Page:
I was re-reading this book titled “100 to 1 in the Stock Market”, in which the author Thomas Phelps talks about, well, how investors can grow their wealth one hundredfold through buy-and-hold investing.
I came across this book the first time in 2015 through a recommendation, and then realized there was a frenzy around with people trying to get their hands on to a copy of the same.
Just going by this book’s title – 100 to 1 – I thought it was a dangerous first book to be read by people just getting started in the stock market (I continue to believe the same).
The title smelled of overconfidence, and survivorship bias (it still does).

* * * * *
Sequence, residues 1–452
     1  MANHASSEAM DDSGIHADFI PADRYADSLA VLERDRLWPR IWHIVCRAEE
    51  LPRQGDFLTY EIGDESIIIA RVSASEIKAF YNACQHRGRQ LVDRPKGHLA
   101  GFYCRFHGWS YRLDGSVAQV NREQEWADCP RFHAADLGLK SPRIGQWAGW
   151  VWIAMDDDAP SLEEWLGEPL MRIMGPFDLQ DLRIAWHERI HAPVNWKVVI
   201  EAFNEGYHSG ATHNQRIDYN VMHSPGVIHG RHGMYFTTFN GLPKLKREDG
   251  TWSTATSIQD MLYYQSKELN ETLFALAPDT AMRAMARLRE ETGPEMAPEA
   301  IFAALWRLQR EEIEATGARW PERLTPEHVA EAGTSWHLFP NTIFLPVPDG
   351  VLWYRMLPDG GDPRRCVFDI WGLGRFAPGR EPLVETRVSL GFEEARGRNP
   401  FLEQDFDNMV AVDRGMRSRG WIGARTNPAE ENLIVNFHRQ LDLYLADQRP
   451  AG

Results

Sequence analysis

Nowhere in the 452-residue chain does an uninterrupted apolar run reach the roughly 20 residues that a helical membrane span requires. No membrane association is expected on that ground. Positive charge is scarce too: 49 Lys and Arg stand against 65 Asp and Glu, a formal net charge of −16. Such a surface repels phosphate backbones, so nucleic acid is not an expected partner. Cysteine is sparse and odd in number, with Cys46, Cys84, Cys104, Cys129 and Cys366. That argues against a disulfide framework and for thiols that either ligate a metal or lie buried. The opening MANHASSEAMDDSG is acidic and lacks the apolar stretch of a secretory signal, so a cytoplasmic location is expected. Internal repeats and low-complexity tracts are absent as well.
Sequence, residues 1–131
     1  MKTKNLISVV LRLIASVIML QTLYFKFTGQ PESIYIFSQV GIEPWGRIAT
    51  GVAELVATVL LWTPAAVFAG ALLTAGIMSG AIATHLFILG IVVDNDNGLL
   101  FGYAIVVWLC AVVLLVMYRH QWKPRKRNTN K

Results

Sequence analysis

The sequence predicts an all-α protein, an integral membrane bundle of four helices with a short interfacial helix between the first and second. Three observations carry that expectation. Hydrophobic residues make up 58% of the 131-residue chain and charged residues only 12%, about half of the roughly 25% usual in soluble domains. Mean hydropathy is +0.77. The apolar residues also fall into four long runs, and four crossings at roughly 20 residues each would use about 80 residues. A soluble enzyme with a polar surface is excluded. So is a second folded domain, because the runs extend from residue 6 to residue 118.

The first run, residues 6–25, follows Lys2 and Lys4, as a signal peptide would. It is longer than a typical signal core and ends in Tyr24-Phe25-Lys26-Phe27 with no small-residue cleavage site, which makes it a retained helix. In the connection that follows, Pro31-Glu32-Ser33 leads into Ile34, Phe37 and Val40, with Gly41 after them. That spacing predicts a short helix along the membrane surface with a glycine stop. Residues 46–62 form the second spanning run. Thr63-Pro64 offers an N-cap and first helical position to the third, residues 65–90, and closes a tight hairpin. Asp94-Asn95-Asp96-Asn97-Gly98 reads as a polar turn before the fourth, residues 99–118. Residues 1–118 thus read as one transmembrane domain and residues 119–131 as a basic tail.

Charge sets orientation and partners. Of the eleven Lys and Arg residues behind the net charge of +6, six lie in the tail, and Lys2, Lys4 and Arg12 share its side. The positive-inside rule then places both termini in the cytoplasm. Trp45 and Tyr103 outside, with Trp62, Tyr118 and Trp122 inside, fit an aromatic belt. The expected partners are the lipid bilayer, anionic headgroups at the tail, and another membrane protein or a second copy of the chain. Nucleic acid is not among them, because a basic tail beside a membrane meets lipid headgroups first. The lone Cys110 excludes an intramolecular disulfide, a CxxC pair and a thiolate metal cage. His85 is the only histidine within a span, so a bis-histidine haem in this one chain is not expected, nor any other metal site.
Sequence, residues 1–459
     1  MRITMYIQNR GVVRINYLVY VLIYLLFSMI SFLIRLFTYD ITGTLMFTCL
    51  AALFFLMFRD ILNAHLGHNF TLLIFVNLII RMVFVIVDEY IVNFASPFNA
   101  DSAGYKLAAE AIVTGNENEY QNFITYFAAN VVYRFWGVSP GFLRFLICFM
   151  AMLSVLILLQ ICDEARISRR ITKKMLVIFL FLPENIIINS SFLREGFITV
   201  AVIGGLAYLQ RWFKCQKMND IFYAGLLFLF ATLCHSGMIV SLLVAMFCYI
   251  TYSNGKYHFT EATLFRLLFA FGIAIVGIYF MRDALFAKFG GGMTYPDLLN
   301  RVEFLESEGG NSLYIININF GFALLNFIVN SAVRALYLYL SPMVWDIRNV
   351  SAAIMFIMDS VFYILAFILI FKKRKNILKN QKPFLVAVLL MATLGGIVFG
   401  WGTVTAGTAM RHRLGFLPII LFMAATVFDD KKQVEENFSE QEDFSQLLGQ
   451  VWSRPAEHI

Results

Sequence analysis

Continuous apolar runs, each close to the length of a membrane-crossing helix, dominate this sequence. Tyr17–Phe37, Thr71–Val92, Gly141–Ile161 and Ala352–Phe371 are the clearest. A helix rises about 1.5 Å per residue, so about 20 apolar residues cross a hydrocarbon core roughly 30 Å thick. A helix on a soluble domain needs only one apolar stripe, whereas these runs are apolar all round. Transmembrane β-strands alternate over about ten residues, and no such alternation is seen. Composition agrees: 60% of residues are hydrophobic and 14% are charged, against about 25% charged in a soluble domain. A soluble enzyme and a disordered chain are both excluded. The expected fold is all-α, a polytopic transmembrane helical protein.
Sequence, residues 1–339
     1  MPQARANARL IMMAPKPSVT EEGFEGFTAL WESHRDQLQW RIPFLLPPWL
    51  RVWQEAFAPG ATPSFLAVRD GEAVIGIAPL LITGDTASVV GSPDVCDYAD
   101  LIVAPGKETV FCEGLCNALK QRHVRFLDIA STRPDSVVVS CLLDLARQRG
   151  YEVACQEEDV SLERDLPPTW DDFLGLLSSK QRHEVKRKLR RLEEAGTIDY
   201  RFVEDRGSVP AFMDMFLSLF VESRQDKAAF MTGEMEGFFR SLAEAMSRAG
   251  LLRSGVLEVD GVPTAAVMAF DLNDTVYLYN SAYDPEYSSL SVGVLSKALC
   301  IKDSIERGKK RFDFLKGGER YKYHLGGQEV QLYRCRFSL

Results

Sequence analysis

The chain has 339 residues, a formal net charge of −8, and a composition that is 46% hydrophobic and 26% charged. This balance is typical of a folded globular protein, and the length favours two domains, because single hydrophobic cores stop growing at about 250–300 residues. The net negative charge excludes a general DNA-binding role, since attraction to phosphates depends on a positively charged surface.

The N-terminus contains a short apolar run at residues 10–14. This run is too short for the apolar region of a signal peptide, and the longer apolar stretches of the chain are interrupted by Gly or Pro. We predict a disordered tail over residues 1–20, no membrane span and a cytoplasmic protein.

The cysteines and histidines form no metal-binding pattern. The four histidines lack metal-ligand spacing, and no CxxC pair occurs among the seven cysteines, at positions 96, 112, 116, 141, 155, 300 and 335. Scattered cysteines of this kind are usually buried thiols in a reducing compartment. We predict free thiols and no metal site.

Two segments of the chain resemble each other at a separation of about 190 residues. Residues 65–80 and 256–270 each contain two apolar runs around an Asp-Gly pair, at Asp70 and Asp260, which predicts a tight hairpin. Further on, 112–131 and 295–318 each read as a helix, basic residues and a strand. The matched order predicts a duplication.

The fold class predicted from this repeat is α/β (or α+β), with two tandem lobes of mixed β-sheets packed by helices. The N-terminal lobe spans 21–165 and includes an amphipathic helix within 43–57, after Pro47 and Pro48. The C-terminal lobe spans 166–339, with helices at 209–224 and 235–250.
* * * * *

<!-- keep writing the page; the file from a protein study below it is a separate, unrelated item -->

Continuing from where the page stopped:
Anyways, I found the book to be good in parts, especially when the author makes the case for long-term ownership of stocks and the virtues of having patience along the journey.
The book starts with a story of five poor Arabs who are woken up one night by an angel.
“Each of you can have one wish,” the angel says.
“Give me a donkey,” asks the first Arab, and he is granted his wish.
Thinking how little the first Arab asked, the second one asks for ten donkeys and gets them.
The third asks for even more – a caravan with a hundred camels, a hundred donkeys, tents, rugs, food, wine, and servants – and gets them from the angel.
The fourth Arab, who had heard the previous three’s wishes, asks for even more. “Make me a king,” he commands the angel who bestows him with a kingdom.
Now, the fifth Arab, having seen his companions ask for too little, resolves to make no such mistake.
“Make me Allah,” he orders the angel.